This study aims to explore the psychometric properties of the German, Italian and French versions of the SOS by translating the instrument and assessing its reliability and validity in new settings.

Methods

Design

This is a sub-study of the Swiss RN4CAST study, a multicentre cross-sectional study within the EU Seventh Framework (EU Project number: 223468).

Setting and sample

RNs working on medical, surgical and mixed medical–surgical wards of Swiss acute-care hospitals were surveyed. Hospitals were sampled according to a quota sample method based on language region and hospital type (university, cantonal and regional hospitals with ≥60 beds and ≥50 RNs). For university and cantonal hospitals, random samples of 2–6 eligible wards were selected; for smaller regional hospitals, all eligible wards were included to survey at least 50 RNs per hospital. All RNs active on the selected units were invited to participate.

Cross-cultural translation of the SOS

To adapt the SOS in a culturally relevant and comprehensible form while maintaining its original meaning and intent [19], we translated the SOS according to the adapted Brislin model [20]—an iterative process involving forward–backward translation and expert group discussion. The seven-point Likert response scale was retained. Following back translation, our expert group identified no inconsistencies in any item's meaning or wording.

Validity and reliability testing

Our general objective was to determine whether German, French and Italian versions of the SOS would reveal psychometric properties similar to those of the original. Therefore, our validation strategy was based on that of Vogus and Sutcliffe [12]. Following American Educational Research Association guidelines, [21] we developed questions and hypotheses that guided the testing of the three translations' validity and reliability (see Table 1).

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Table 1

Research questions and hypotheses of this validation study

Evidence on validity and reliabilityGuiding questions and hypothesisStatistical analysesNecessary evidence
Evidence based on contentAre the nine items relevant and appropriate in terms of safety culture in the Swiss health-care setting?Calculation of the Content Validity Indices for individual items (I-CVI) and scale-level content validity index (S-CVI/Ave)I-CVI of more than 0.78 and S-CVI/Ave of more than 0.90 indicate excellent content validity [22]
Evidence based on response processesHow many missing values appear in the SOS?Descriptive statistics (frequencies, medians, interquartile ranges, means, standard deviations, variances, graphs and cross-tabulations)Floor effects [>50% indicating one (not at all) or two (to a very limited extent)]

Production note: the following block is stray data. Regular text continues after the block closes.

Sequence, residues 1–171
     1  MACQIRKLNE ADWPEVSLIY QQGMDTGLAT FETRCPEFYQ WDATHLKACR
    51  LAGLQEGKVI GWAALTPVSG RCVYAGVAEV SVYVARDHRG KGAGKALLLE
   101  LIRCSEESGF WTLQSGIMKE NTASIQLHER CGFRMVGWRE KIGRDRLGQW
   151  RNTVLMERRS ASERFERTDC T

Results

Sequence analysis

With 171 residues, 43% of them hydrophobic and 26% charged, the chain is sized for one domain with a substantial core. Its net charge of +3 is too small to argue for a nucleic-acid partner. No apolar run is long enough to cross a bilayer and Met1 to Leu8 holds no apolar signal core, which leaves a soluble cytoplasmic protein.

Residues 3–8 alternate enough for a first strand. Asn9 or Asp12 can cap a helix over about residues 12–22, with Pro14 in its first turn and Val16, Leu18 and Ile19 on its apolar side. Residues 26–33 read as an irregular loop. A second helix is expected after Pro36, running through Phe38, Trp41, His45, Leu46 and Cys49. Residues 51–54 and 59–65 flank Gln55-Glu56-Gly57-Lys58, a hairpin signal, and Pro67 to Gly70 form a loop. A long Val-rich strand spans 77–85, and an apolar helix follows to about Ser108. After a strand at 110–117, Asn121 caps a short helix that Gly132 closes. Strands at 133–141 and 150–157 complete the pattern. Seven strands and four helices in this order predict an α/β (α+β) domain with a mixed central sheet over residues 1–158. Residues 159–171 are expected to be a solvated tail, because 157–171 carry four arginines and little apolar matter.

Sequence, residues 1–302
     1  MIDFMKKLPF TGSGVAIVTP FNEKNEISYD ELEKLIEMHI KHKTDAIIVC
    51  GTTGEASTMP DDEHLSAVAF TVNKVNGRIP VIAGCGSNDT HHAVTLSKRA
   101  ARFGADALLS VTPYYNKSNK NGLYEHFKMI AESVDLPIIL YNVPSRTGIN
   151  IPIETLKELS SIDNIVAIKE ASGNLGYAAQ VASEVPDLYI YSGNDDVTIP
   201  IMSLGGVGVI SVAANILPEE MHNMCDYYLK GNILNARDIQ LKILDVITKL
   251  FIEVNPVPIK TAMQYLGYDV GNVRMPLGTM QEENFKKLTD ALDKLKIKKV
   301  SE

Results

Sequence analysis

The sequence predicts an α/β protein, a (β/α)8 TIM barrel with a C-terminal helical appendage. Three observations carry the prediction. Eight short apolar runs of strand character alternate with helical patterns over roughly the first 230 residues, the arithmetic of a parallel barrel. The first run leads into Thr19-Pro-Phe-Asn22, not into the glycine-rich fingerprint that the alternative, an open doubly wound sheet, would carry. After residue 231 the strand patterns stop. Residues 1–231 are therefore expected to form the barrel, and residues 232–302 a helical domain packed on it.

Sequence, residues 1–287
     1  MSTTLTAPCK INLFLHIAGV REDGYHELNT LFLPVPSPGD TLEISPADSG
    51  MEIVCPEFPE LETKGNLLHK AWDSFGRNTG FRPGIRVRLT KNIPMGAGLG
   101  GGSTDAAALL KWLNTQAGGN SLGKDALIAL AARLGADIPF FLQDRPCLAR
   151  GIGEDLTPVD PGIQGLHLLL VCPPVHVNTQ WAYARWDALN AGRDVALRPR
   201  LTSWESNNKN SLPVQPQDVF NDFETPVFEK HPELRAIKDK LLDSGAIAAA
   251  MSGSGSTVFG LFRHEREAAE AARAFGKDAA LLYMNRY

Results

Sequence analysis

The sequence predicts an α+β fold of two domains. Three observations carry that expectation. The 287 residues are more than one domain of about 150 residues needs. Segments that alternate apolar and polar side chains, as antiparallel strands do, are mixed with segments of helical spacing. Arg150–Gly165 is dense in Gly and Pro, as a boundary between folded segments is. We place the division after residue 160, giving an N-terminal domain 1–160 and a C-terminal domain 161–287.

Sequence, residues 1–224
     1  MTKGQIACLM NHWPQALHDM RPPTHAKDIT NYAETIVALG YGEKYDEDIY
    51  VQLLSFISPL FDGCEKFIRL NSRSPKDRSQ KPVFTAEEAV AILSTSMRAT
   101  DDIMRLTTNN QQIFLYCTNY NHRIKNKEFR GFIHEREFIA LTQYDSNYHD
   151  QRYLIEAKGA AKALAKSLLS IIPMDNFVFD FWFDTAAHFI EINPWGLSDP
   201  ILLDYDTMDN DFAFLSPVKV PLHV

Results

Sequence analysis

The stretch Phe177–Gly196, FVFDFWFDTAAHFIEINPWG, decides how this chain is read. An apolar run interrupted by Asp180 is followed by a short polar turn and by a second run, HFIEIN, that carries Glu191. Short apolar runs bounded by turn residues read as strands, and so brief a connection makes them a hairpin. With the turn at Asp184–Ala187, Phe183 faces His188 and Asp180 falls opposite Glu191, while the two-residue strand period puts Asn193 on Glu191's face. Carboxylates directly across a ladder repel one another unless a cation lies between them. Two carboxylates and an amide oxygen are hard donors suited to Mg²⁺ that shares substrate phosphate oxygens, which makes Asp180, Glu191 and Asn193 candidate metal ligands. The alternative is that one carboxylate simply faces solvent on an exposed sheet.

Are there distribution abnormalities in the different items of the SOS?Ceiling effects [>50% indicating six (to a great extent) and seven (to a very great extent)].
Internal consistency (reliability)Is the SOS instrument internally consistent and does it reflect on a unit-level construct?Calculations of ICCs, within-group agreement and design effects based on results of one-way analysis of variance with the Safety Organizing score as the dependent variable and hospital units as independent variableSignificant between-group variance using F-statistic (P < 0.05)
Calculation of Cronbach's alphaICC 1 between 0.05 and 0.30 and ICC 2 above 0.70 [12]
Design effects should be ≥2 to demonstrate the nesting of the data [36]
Within-group agreement values should be 0.70 or greater [12]
Cronbach's alpha ≥0.70 indicate factor consistency [37]
Evidence based on internal structureThe translated German, Italian and French versions of the SOS have an 1D structureConfirmatory factor analysisNon-significant chi-square values
Comparative fit index >0.90
Weighted root mean square residual <0.90
Upper of the root mean square error of approximation <1.00
P of close fit >0.05 [33]
Evidence based on relationship with other variables
Discriminant validitySafety culture is not strongly correlated with implicit rationing of nursing care (BERNCA).Spearman's correlationLess than a strong correlation (rs < 0.40)
Concurrent validityThere is a positive relationship between leadership abilities of the ward nurses (measured with the PES) and safety culture (measured with the SOS)Multilevel linear regression analysisSignificant positive regression coefficient between leadership abilities and the SOS (P < 0.05) after adjusting for hierarchical data structure
Concurrent validityThere is a negative relationship between nurse-to-patient ratio and safety culture.Multilevel linear regression analysisSignificant negative regression coefficient between leadership abilities and the SOS (P < 0.05) after adjusting for hierarchical data structure
Concurrent validityThere is a negative relationship between safety climate and nurse-reported medication errors and patient fallsMultilevel logistic regression analysisSignificant odds for lower frequent nurse reports for medication errors and patient falls (odds ratios <1.00, P < 0.05) after adjusting for hierarchical data structure

Validity testing